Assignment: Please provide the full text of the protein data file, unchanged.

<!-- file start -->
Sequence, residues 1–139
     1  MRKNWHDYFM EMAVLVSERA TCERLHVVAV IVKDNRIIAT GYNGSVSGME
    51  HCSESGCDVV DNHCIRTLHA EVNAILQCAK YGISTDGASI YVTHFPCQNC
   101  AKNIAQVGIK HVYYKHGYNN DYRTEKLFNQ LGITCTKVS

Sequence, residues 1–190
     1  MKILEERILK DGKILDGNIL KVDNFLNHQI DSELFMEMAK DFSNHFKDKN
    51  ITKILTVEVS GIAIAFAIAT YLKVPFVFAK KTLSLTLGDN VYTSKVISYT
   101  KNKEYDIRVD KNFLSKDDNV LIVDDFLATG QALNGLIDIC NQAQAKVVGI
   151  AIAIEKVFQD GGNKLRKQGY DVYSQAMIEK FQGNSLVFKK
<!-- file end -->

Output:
Sequence, residues 1–139
     1  MRKNWHDYFM EMAVLVSERA TCERLHVVAV IVKDNRIIAT GYNGSVSGME
    51  HCSESGCDVV DNHCIRTLHA EVNAILQCAK YGISTDGASI YVTHFPCQNC
   101  AKNIAQVGIK HVYYKHGYNN DYRTEKLFNQ LGITCTKVS

Sequence, residues 1–190
     1  MKILEERILK DGKILDGNIL KVDNFLNHQI DSELFMEMAK DFSNHFKDKN
    51  ITKILTVEVS GIAIAFAIAT YLKVPFVFAK KTLSLTLGDN VYTSKVISYT
   101  KNKEYDIRVD KNFLSKDDNV LIVDDFLATG QALNGLIDIC NQAQAKVVGI
   151  AIAIEKVFQD GGNKLRKQGY DVYSQAMIEK FQGNSLVFKK